Amniocentesis is a diagnostic test that may be recommended by your health care provider following an abnormal triple test result. Inherited or genetic concerns lead some parents to choose amniocentesis to determine if specific genetic disorders may be present in their baby.

How is amniocentesis performed?

An ultrasound is used as a guide to determine a safe location for the needle to enter the amniotic sac, so the fluid may be safely removed.  A sample of amniotic fluid is collected through the needle. The procedure takes about 45 minutes, although the collection of fluid takes less than five minutes.

The amniotic fluid, which contains cells shed by the fetus, is sent to the laboratory for analysis. Results can take anywhere from a few days to a couple of weeks to be returned.

When is amniocentesis performed?

Amniocentesis is usually performed between 14 and 20 weeks. Some medical facilities may perform amniocentesis as early as 11 weeks.

Amniocentesis can be used later in the third trimester for a few reasons. Your healthcare provider may recommend the procedure if your membranes have ruptured prematurely, in order to assess for uterine infections.  Amniocentesis may also help determine the severity of fetal anemia in babies with Rh disease, and assist your physician to determine whether the fetus requires lifesaving blood transfusions.

Amniocentesis is sometimes done to assess lung maturity. If so, this is done shortly before delivery.

What does the amniocentesis test look for?

Amniocentesis detects chromosome abnormalities, neural tube defects, and genetic disorders. Down syndrome or Trisomy 21 is the most common chromosome abnormality. Genetic disorders include disorders such as cystic fibrosis. The most common neural tube defect is spina bifida.

Amniocentesis is occasionally used late in pregnancy to assess whether the baby’s lungs are mature enough for the baby to breathe on his own.

Amniocentesis also provides access to DNA for paternity testing prior to delivery. DNA is collected from the potential father and is compared to DNA obtained from the baby during amniocentesis. The results are accurate (99%) for determining paternity.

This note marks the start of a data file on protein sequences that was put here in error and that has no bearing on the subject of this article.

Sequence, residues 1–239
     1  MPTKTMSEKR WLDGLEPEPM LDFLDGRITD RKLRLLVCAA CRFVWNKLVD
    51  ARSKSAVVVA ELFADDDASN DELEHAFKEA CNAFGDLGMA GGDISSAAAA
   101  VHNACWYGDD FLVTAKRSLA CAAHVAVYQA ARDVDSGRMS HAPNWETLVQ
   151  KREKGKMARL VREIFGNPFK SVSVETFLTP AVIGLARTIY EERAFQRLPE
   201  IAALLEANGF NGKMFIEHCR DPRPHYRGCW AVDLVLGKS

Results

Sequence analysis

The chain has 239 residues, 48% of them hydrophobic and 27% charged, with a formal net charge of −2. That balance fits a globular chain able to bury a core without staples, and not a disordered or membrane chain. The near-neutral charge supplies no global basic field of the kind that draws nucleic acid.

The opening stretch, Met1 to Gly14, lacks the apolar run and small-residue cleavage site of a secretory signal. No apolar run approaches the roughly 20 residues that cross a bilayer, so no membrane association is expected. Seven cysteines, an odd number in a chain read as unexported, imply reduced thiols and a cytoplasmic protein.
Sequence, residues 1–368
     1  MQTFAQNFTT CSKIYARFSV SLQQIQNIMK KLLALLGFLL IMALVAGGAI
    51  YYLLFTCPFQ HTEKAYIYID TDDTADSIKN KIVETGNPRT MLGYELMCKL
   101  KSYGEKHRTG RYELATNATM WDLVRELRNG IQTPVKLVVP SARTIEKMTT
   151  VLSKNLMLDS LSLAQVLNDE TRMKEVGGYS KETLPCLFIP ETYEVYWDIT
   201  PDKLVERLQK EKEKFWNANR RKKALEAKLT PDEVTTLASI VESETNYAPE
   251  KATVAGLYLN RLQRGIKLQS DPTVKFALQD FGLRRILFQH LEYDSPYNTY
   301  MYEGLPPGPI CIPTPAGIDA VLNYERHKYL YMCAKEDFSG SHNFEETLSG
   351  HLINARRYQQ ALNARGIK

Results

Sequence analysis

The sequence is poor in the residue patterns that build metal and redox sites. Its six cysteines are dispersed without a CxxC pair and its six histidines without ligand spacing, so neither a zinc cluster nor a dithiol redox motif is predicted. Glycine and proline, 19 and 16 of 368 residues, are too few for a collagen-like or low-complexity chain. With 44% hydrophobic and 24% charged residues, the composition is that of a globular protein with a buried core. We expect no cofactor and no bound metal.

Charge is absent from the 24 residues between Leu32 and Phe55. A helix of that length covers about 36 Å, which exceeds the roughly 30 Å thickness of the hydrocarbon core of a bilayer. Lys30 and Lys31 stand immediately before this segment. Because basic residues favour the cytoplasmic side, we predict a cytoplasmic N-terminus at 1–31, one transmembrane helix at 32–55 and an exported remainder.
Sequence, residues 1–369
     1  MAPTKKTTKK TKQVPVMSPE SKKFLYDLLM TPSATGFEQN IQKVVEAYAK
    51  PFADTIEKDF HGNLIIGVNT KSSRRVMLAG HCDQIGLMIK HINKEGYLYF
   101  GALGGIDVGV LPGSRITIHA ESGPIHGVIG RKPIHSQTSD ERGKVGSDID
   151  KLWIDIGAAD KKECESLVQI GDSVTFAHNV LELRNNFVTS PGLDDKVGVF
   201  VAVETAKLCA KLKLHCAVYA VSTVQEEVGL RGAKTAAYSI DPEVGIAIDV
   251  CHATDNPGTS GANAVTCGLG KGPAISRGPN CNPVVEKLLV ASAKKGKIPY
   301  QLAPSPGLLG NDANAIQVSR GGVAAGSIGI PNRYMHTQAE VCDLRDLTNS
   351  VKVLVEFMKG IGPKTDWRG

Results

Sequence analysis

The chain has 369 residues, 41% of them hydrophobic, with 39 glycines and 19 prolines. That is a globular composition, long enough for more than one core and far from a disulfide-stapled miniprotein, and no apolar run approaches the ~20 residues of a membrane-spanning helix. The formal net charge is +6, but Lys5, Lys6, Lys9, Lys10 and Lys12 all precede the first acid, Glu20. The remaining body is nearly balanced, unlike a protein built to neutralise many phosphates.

What do amniocentesis results mean?

Amniocentesis is a diagnostic test that detects chromosome abnormalities, neural tube defects and genetic disorders with high levels of accuracy (98-99%).  Although the probabilities of identification are high, this test does not measure the severity of these birth defects.

Alpha-fetoprotein levels and advanced level ultrasounds may assist in assessing the degree of disability that may be present.

What are the risks and side effects to the mother or baby?

Although amniocentesis is considered to be a safe procedure, it is recognized as an invasive diagnostic test that does pose potential risks. According to the Mayo Clinic, it is performed approximately 200,000 times a year. Miscarriage is the primary risk related to amniocentesis.

The risk of miscarriage ranges from 1 in 400 to 1 in 200. In facilities where amniocentesis is performed regularly, the rates are closer to 1 in 400. Miscarriages can occur because of infection in the uterus, water breaking, or labor being induced prematurely.

Although extremely rare, it is possible for the needle to come in contact with the baby. Great precautions are taken by using a sonogram to guide the needle away from the baby. The mother may experience sharp pain when the needle enters the skin and again when it enters the uterus.

Following the completion of the procedure, the mother may experience other side effects that include:

  • Cramping
  • Leakage of fluid
  • Minor irritation around the puncture site

Contact your healthcare provider if these complications continue or get worse.

What are the reasons to test or not test?

The reasons to test or not vary from person to person and couple to couple.
Performing the tests and confirming the diagnosis provides you with certain opportunities:

  • Pursue potential interventions that may exist (i.e. fetal surgery for spina bifida)
  • Begin planning for a child with special needs
  • Start addressing anticipated lifestyle changes
  • Identify support groups and resources

Some individuals or couples may elect not to pursue testing or additional testing for various reasons:

  • They are comfortable with the results no matter what the outcome is
  • Because of personal, moral, or religious reasons, making a decision about carrying the child to term is not an option
  • Some parents choose not to allow any testing that poses any risk of harming the developing baby

It is important to discuss the risks and benefits of testing thoroughly with your healthcare provider. Your healthcare provider will help you evaluate if the benefits from the results could outweigh any risks from the procedure.

Want to Know More?

Compiled using information from the following sources:

1. Williams Obstetrics Twenty-Second Ed. Cunningham, F. Gary, et al, Ch. 13.

2. Mayo Clinic Complete Book of Pregnancy & Baby’s First Year. Johnson, Robert V., M.D., et al, Ch. 6.